Prior to the start of the season, it certainly seemed like the Orange would have their struggles on the offensive end and be forced to rely on their defensive efforts. The departures of Jonny Flynn, Paul Harris and Eric Devendorf left Syracuse without its top three scoring options, leading rebounder, top assist man and their best perimeter shooter. At the time, no one knew how good Wesley Johnson would be nor did they know how the younger players would adjust to an increased role.

Questions about the offense were quickly answered with convincing early season wins over North Carolina and Cal, and the wealth of scoring ability the roster featured became apparent with seven different players scoring 20 points in a game to date. Still, it was the defense that set the tone for the Orange, holding opponents in check night after night. In fact, prior to Tuesday’s high scoring win over Providence, Syracuse hadn’t allowed an opponent to score more than 71 points in a game in nearly two months.

All told, according to the statistical database maintained by Ken Pomeroy, this is the best defensive showing from Syracuse in the seven years the database dates back to, a fact that has fans of the program thinking Final Four.

“Our defense helps us a whole lot, there aren’t a lot of teams that have the kind of size we do,” sophomore forward Kris Joseph said. “Especially in the zone, it makes it hard for teams to set up like they want and to get a lot of open shots.”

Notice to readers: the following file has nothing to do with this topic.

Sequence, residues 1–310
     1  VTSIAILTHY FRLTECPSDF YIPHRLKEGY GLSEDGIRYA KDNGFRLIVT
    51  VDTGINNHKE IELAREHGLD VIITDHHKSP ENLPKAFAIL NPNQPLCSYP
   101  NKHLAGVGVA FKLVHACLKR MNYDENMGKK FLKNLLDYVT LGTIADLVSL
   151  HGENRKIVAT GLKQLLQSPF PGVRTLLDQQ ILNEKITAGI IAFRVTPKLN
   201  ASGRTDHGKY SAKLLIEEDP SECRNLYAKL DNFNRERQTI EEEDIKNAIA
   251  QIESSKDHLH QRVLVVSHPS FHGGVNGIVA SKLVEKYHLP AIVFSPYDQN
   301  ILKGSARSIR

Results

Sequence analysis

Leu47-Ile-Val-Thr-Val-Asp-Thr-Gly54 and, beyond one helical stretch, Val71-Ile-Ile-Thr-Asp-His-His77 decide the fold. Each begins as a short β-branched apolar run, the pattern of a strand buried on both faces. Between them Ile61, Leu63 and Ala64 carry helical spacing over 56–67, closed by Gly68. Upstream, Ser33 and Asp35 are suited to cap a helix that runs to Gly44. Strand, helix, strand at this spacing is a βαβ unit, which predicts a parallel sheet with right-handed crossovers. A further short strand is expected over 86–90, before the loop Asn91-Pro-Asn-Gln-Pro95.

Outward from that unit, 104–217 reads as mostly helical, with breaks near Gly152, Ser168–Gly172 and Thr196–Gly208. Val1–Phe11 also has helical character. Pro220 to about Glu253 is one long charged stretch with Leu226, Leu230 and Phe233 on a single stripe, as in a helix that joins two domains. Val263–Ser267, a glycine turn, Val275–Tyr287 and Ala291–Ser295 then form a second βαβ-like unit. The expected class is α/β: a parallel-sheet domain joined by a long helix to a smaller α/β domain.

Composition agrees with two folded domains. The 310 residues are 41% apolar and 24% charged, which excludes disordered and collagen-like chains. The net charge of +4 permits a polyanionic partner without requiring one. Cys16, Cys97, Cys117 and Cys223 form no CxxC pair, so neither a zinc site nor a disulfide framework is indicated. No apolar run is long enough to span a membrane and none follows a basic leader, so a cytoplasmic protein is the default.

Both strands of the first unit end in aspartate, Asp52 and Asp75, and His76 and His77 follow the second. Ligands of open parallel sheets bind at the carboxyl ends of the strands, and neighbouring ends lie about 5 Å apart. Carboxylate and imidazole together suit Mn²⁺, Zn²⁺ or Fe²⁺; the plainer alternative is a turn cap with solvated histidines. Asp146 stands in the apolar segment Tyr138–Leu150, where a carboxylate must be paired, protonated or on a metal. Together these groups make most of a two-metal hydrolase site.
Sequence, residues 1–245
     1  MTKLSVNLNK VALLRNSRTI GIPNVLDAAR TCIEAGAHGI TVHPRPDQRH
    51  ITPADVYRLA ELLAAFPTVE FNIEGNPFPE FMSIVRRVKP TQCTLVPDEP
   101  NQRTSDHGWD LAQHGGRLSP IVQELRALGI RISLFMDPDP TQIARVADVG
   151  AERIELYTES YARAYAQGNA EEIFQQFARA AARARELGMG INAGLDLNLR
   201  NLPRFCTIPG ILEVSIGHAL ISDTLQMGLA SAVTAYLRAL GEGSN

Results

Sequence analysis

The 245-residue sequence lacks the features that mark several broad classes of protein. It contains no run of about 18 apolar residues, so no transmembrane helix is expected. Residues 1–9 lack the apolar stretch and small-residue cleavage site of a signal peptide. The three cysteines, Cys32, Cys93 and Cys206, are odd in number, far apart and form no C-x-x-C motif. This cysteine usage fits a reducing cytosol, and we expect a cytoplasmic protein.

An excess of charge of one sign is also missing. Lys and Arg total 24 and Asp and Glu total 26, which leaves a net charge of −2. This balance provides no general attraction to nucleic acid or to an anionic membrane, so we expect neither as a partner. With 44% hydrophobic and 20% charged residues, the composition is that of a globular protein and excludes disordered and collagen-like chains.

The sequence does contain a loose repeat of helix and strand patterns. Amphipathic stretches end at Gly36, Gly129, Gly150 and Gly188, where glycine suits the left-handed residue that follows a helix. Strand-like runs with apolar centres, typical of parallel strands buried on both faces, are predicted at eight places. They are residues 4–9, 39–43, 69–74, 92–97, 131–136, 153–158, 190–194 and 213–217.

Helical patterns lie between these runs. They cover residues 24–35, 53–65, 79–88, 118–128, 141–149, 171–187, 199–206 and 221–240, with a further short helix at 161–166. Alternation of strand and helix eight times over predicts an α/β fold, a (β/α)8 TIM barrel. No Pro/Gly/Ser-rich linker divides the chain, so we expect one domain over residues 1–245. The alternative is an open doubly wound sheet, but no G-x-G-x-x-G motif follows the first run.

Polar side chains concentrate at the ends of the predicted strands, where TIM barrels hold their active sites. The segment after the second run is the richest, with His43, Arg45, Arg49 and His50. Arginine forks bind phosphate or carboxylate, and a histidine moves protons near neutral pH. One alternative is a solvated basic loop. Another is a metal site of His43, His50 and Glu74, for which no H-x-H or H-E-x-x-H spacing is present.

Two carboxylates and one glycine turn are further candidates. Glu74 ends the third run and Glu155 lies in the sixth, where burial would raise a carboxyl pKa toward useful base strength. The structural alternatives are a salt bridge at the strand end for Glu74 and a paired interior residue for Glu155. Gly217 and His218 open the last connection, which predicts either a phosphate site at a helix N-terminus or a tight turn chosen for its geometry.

“Defense wins us games, especially in a long season,” added Johnson. “We can key in on the opposing team’s best guy and it’s harder to do that with us since we have so many players capable of scoring.”

The players have officially dubbed the matchup with Villanova as Shut It Down Day, an ode to the style of play that has driven them to the heights of the national polls and established them as the elite team in the Big East. Though the pregame festivities will be no different than any other game (save for the presence of ESPN’s Game Day crew) the players admit that the acknowledgement of the song will make it a special affair.

“This isn’t a regular warm up song, this is our song that one of our coaches made for us as a team – it’s motivational,” Joseph said. “It definitely does and will have us fired up.”

As for Murphy, he’ll be able to sit back and see the players motivated by a piece of art that he put together himself. Since the creation of the original “Shut It Down” he has created two more versions, an upbeat remix and a version for the women’s basketball team, in addition to a special tribute song in honor of Boeheim’s 800th win collected earlier this season.

With the rampant success that Murphy’s maiden plunge into the rap scene has experienced, it is only natural to wonder if he plans on diving further into what appears to be a blossoming music career, in addition to his exploits in the game of basketball. The assistant coach can only laugh at the prospects of cutting anymore records in the near future.

“I have plans to be a head coach one day,” he said. “I love the game of basketball and I want to continue moving up the ladder in the next few years. This all started out as a joke, and I guess it was a talent I never even knew I had.”

Take it from the rest of the country, there is plenty about Syracuse that no one knew they had this year.